David W. (D.W.) Friesen: businessman and church worker, was born 12 June 1879 in Schoensee, Manitoba, a village in the East Reserve, to David Friesen (1856-1893) and Anna Wiens (1857-1883). On 23 July 1901, he married Maria Kroeker (1882-1907). Following the death of his first wife, he married Sarah Klippenstein Striemer, a widow with three children, in 1907. Together, D.W. and Sarah had five sons and one daughter: Margaret (1908-1926), David K. (1910-1991), John K. (1912- ), Anne (1914- ), Theodore (Ted) E. (1920- ) and Raymond C. (1922-1990). D.W. Friesen died of cancer on 19 May 1951.
D.W. Friesen moved to Lichtfeld, west of Altona MB, in the mid-1890s with his step-parents, Anna Klassen and Cornelius Bergman. He attended school until the age of fourteen. He farmed west of Altona from 1901 to 1903, then taught in the Mennonite West Reserve village of Gnadenfeld for two years. In 1905 he moved to Altona and started an implement dealership, but soon left this business. He bought a confectionery store and was made postmaster in Altona in 1907. From 1910 to 1946, he was also an agent for Manitoba Government Telephones. Retail book sales were added in 1923, and a print shop and wholesale stationery supply in 1930. This business expanded to become one of Canada’s largest printing companies, D.W. Friesen & Sons. D.W. sold the company in 1948 to three of his sons, David, Ted and Ray, and quit as postmaster in 1949.
D.W. Friesen & Sons began publishing a weekly newspaper, the Red River Valley Echo, in 1941. The first English-language Mennonite newspaper in Canada, The Canadian Mennonite, was also a Friesen publication. Other significant Mennonite publications were In Search of Utopia by E.K. Francis and, together with the Mennonite Historical Society, Paul J. Schaefer’s four volume series Woher? Wohin? Mennoniten! The company was renamed Friesens Corporation in 1995. Now employee-held rather than family-owned, Friesens Corporation has more than 600 employees.
Besides his many business responsibilities, D.W. was active in the church. He was baptized into the Rudnerweide Sommerfeld Mennonite Church on 5 June 1900. He joined the Altona Bergthaler Mennonite Church in 1907, was elected a deacon in 1912 and ordained as such in 1914. He served in this capacity until 1949. As deacon, he was one of two administrators of the Armenkasse (treasury for the poor) and also managed the Wohltaetigkeitskomitee (welfare committee).
The Armenkasse consisted of levies on property and donations of money, grain, clothing and food. The Bergthaler Armenkasse was administered by deacons until the 1950s, and then taken over by church and conference service committees. It differed from the Waisenamt (see entry for mutual aid) in that the latter administered the inheritances of orphans, cared for widows, and served as a banking institution.
The Bergthaler Wohltaetigskeitkomittee was formed in 1926 or 1927 to oversee all church relief work. The nine members of this committee were laymen, and Bergthaler historian Henry Gerbrandt claims no records exist of its activities, though "[t]hese were immigration and Russian relief days. Much work was to be done." The Wohltaetigskeitkomittee was in a sense replaced by the Fuersorgekomittee (board of business administration), responsible for financial and business matters, including preparation of budgets and building of new churches. Both the Wohltaetigskeitkomittee and Fuersorgekomittee were at odds from time to time with the Lehrdienst.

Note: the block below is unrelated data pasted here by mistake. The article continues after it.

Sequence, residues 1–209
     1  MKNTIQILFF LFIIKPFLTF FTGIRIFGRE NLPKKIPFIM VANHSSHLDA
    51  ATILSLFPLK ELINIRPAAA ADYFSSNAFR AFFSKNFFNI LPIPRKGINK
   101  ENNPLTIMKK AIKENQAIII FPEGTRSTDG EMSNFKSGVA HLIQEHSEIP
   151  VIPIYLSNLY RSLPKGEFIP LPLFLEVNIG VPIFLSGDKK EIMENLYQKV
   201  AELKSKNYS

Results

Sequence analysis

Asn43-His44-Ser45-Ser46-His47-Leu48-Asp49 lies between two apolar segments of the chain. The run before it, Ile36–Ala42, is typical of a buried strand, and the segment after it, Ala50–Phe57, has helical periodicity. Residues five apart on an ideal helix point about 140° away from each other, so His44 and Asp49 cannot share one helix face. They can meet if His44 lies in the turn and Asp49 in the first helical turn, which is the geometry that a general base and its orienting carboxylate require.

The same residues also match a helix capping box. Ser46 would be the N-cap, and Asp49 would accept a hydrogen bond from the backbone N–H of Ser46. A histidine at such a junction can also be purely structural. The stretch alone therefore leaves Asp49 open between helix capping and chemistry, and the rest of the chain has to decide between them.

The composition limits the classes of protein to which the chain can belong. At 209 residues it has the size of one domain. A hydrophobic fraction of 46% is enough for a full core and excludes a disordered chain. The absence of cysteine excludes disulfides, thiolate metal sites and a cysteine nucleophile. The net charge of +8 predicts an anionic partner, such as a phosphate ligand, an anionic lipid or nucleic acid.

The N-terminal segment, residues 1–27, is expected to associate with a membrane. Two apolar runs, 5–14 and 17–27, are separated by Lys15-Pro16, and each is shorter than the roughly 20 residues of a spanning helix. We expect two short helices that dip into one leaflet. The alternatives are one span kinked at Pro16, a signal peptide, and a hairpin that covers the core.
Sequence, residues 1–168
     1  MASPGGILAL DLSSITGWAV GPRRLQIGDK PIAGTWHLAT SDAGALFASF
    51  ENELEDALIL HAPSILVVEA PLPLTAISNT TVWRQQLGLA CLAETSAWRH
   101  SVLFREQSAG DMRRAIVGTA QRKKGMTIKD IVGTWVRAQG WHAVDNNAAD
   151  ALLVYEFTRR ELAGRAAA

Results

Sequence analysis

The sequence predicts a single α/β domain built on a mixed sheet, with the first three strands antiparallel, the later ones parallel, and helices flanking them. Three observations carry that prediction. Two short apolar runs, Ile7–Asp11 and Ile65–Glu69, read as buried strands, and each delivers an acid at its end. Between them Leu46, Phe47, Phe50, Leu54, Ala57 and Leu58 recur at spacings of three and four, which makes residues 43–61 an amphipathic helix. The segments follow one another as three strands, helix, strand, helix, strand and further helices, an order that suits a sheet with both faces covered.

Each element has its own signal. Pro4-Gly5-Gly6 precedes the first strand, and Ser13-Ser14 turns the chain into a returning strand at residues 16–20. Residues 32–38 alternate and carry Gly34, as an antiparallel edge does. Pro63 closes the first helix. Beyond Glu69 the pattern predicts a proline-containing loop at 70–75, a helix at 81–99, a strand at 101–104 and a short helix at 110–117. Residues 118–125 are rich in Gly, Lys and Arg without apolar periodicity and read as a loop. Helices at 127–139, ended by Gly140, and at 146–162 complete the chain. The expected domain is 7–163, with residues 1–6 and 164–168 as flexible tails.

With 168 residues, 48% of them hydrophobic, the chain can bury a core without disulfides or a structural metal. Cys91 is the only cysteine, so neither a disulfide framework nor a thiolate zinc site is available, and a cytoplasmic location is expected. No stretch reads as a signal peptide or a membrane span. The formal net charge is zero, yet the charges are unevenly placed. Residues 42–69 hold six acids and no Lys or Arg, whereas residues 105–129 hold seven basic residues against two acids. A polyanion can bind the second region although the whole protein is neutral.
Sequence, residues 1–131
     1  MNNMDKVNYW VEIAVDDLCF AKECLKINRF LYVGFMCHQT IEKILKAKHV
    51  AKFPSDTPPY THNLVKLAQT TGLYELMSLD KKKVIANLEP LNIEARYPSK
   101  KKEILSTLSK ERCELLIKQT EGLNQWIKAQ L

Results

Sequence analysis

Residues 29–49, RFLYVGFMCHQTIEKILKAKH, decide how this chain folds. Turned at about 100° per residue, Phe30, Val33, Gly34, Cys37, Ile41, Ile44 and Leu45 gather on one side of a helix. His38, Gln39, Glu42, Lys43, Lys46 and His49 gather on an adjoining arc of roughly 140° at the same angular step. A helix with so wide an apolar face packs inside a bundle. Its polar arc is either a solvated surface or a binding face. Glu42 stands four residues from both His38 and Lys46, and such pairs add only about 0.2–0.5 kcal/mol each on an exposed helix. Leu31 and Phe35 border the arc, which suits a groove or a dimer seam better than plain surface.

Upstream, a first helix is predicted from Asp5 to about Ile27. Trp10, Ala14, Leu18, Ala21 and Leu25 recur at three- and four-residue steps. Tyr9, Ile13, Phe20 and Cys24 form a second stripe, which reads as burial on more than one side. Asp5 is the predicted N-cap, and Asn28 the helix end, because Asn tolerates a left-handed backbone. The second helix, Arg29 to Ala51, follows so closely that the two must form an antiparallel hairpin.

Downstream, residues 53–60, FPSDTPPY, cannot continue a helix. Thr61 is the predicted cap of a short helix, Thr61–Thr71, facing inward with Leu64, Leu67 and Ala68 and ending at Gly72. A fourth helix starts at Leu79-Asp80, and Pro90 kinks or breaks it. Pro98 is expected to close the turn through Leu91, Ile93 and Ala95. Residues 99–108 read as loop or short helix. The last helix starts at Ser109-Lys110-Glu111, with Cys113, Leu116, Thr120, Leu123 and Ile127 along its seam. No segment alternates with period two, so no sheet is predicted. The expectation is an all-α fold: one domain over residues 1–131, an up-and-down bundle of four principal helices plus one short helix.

D.W. Friesen was elected in 1929 to the committee that created the constitution of the Bergthaler Mennonite Church. He served as treasurer of the Manitoba Mennonite Insurance Organization (later renamed the Red River Valley Mutual Insurance Company) from 1922 to 1949, and was Canadian treasurer for the Foreign Mission Board of the General Conference Mennonite Church from 1939 to 1950. Largely a self-taught man, D.W. collected a large library of works of Mennonite history, literature and theology. His interest in these subjects led him to assist in the founding of the Mennonite Historical Society. Family and employees described D.W. as a quiet, pious individual. “We always knew our father to be a man of simple tastes and plain lifestyle. That was attested by the fact that one day a week he fasted and that, rigorously, for the rest of his life.” (Ted Friesen)
Epp, Frank H. “D.W. Friesen and His Life Work.” Mennonite Life 11 (July 1956): 118-9.
Friesen, Ted, comp. “D.W. Friesen, 1879-1951, Altona-Community Builder.” Preservings: Journal of the Hanover-Steinbach Historical Society 20 (June 2002): 89-97.
McGuinness, Fred. Friesens: A Unique Company. Altona MB: Friesens Corporation, 2001.
Peters, Jake. The Waisenamt: A History of Mennonite Inheritance Custom. Mennonite Village Museum Historical Series 1. Steinbach MB: Mennonite Village Museum, 1985.
Archival RecordsThe personal papers of David W. Friesen are held at the archives of the Mennonite Heritage Centre, Winnipeg MB. The estate papers of D.W. Friesen and some records relating to Friesens Corporation are held at the Altona and District Research Centre, Altona MB.
|Date Published||June 2004|
Cite This Article
Thiessen, Janis. "Friesen, David W. (1879-1951)." Global Anabaptist Mennonite Encyclopedia Online. June 2004. Web. 30 May 2016. http://gameo.org/index.php?title=Friesen,_David_W._(1879-1951)&oldid=115041.
Thiessen, Janis. (June 2004). Friesen, David W. (1879-1951). Global Anabaptist Mennonite Encyclopedia Online. Retrieved 30 May 2016, from http://gameo.org/index.php?title=Friesen,_David_W._(1879-1951)&oldid=115041.
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